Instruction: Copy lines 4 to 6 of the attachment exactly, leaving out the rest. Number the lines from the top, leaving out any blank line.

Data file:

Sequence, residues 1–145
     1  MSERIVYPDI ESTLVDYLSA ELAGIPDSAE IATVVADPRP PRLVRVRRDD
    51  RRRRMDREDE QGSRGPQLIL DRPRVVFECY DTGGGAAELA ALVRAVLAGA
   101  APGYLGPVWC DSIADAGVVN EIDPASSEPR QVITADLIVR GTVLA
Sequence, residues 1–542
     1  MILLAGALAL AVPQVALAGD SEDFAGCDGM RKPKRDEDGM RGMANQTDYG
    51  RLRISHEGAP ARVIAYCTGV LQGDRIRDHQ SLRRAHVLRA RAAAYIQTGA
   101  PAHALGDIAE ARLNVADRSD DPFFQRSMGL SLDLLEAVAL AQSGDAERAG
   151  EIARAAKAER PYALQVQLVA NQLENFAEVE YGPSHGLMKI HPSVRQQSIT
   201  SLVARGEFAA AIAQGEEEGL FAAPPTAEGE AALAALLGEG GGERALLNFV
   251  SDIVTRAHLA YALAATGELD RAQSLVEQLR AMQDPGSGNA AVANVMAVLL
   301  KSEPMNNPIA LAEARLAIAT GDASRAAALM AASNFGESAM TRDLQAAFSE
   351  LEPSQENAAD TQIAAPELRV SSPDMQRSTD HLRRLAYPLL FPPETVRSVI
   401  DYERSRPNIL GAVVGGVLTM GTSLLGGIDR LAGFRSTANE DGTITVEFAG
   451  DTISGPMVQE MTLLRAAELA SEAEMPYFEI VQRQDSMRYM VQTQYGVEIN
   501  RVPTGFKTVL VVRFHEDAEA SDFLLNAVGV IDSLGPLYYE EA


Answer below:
   101  APGYLGPVWC DSIADAGVVN EIDPASSEPR QVITADLIVR GTVLA
Sequence, residues 1–542
     1  MILLAGALAL AVPQVALAGD SEDFAGCDGM RKPKRDEDGM RGMANQTDYG